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Archive for the ‘Biodiesel’ Category

CSIRO releases report into biodiesel GHG emissions

Posted by Car Geek on November 28, 2007

The CSIRO yesterday released a report which investigates the impact of biodiesel use on greenhouse gas emissions, when compared to standard diesel fuel. At 126 pages, the report is slightly too large to have a quick read through during a break, so here’s the executive summary of the executive summary:

  • Canola-based biodiesel emits 3.5 times more GHG emissions (measured in grams of CO2-equivalent) during its production than diesel fuel, known as the “upstream” section of the life cycle. However, total life cycle emissions are reduced by 49% when using canola-based B100, as the crops absorb carbon dioxide.
  • Tallow, or animal fat, has upstream emissions 50% higher than those of diesel, but life cycle emissions 76% lower than diesel.
  • The emissions from plantation-based palm oil depend on the age of the plantations being used. If the plantation is established before 1990, the emissions “associated with land clearing are not counted…under present methods of carbon accounting”, so upstream emissions are only 25% higher than those from diesel and life cycle emissions are 80% lower. Newer palm oil plantations, however, have upstream emissions 50 to 136 times higher than diesel, and life cycle emissions 8 to 21 times higher.
  • Used cooking oil, being a waste product, has almost no upstream emissions, resulting in a life cycle emissions saving of 87% when compared to diesel.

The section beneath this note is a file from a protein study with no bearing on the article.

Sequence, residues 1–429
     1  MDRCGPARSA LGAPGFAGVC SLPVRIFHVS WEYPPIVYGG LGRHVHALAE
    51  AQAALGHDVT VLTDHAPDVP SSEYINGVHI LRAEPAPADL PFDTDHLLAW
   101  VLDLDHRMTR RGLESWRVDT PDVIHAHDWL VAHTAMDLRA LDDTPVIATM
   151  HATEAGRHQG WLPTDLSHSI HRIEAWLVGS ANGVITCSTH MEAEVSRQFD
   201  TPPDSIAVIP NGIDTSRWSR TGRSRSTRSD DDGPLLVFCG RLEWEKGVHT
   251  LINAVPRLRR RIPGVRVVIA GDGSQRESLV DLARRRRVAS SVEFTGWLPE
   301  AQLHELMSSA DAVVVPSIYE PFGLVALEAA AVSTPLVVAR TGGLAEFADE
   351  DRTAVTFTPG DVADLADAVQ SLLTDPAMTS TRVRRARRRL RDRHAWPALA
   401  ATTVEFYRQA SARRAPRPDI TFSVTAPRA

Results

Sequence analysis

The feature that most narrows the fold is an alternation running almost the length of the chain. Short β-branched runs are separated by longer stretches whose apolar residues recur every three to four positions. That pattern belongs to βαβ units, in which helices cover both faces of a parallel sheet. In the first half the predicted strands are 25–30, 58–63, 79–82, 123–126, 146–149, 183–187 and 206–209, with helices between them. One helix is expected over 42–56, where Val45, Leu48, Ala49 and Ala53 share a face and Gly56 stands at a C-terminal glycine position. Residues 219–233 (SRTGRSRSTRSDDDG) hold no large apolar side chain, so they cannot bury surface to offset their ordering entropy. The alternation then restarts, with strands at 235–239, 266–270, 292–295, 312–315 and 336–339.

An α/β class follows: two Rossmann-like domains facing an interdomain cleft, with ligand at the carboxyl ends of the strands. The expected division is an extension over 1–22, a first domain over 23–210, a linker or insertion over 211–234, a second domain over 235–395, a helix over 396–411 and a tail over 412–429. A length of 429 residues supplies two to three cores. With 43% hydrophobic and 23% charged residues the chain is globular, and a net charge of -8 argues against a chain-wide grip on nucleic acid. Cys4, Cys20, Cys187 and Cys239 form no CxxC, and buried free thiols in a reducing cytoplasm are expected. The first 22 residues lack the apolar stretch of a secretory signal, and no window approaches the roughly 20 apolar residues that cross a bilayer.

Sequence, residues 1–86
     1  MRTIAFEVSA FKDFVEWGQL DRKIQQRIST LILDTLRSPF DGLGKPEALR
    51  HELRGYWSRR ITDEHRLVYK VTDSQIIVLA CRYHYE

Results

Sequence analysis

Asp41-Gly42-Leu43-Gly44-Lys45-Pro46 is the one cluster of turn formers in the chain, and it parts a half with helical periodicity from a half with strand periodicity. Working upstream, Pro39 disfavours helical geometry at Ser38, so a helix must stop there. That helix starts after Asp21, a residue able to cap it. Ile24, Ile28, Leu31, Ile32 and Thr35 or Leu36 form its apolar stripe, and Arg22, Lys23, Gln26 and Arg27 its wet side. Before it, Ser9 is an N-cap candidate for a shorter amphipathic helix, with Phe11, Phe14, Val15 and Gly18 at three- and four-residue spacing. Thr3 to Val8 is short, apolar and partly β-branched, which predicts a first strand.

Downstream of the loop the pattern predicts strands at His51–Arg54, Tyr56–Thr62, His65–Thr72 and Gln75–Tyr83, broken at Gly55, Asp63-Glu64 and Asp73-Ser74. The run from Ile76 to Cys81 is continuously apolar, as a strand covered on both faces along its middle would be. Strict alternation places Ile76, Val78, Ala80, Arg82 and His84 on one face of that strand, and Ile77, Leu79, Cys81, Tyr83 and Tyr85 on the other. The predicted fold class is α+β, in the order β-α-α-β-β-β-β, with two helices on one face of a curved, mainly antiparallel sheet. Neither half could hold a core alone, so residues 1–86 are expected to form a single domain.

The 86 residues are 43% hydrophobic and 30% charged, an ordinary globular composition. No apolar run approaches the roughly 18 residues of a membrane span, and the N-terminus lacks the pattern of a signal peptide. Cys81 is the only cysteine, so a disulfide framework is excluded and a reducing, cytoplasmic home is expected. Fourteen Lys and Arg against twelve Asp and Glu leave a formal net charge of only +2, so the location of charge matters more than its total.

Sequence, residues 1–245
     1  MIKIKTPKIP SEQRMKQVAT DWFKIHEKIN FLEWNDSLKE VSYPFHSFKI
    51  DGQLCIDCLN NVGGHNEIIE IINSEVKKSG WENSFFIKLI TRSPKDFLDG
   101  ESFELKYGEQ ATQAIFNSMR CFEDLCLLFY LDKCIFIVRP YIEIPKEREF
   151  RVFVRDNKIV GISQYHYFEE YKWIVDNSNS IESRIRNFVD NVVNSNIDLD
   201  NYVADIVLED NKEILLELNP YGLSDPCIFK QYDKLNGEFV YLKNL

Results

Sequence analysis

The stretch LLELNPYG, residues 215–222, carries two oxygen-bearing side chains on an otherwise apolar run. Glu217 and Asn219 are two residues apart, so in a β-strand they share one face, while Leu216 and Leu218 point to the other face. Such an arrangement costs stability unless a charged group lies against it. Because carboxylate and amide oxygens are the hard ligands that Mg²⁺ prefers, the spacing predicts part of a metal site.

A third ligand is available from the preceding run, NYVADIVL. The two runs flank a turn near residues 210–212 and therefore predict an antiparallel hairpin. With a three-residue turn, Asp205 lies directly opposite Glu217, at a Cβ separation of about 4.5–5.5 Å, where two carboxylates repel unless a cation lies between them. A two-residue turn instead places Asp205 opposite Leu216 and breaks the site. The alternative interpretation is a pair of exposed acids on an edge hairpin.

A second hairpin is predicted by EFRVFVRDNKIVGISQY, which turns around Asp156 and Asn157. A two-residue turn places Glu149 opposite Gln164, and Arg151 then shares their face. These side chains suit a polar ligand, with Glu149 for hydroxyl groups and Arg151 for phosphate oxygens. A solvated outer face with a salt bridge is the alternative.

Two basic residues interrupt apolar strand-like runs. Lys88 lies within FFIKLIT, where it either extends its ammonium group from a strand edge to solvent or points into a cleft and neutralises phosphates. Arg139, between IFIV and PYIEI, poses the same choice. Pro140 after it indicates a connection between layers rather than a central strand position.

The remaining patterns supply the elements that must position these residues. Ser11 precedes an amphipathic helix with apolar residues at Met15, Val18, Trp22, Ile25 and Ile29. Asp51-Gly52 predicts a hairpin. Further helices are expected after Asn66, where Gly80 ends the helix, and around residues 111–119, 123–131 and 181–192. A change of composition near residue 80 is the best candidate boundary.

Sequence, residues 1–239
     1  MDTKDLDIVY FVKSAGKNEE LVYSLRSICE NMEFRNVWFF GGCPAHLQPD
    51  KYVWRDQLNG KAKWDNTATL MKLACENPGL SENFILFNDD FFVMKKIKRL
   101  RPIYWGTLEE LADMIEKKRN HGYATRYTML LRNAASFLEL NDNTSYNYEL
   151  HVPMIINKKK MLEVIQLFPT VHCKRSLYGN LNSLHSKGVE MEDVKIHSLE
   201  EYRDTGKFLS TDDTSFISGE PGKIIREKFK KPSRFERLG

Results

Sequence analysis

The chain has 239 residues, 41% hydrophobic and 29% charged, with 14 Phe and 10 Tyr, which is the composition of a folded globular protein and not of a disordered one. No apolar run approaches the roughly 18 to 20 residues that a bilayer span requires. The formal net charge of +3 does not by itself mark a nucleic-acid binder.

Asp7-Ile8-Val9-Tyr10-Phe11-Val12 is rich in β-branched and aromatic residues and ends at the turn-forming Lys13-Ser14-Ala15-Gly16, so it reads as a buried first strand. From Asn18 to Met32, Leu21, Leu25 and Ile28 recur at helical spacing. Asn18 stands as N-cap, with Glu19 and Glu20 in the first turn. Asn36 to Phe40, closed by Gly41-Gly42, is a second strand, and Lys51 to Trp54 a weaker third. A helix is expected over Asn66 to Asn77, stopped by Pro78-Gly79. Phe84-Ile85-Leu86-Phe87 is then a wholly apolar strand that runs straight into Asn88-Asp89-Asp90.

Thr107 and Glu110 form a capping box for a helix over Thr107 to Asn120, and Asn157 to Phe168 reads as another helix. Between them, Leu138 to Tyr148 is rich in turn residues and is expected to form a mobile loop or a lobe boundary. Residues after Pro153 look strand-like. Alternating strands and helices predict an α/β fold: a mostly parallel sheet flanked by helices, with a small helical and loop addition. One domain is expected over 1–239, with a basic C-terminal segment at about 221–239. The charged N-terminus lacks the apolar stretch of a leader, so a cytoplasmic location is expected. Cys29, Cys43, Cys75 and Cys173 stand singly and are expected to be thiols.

• 2 per cent blends (B2) lower emissions by 1.7% at most, with standard Australian B2 fuels reducing emissions by 0.92% to 1.47%, depending on the source of biodiesel.

Also of note is that the extra-low-sulfur diesel (XLSD) used as the baseline in these calculations actually produces slightly more carbon dioxide than standard low-sulfur diesel (ULSD), due to the additional processing required. The lower sulfur content generates fewer smog-forming and hazardous pollutants; it is worth noting that the use of biodiesel also significantly reduces sulfur-based pollutants, though.

Luke at Envirofuel makes the point that the report is commissioned by Caltex, who supply biodiesel in 2, 5 and 20 per cent blends. According to Caltex CEO Des King, the company does not use palm oil “unless it can be shown to be sustainable to the satisfaction of key stakeholders in the countries it is produced”.

The full report can be viewed at the CSIRO website.

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Posted in Biodiesel | 2 Comments »

Joint venture for coal-sequestering algae announced

Posted by Car Geek on November 27, 2007

Algae being grown from CO2. Image from http://flickr.com/photos/mrgordon/659829132/, licenced under CC 2.0. Two Australian firms, Linc Energy and BioCleanCoal, have partnered together in a joint venture to sequester carbon dioxide emissions from Australian coal-fired power stations to use as fuel or fertiliser, even re-burning it to produce additional energy.

The companies will spend $1 million to build a prototype reactor in Chinchilla, which will use the carbon dioxide emissions from the power plant to grow algae, which can then be dried and turned into biodiesel at low energy costs.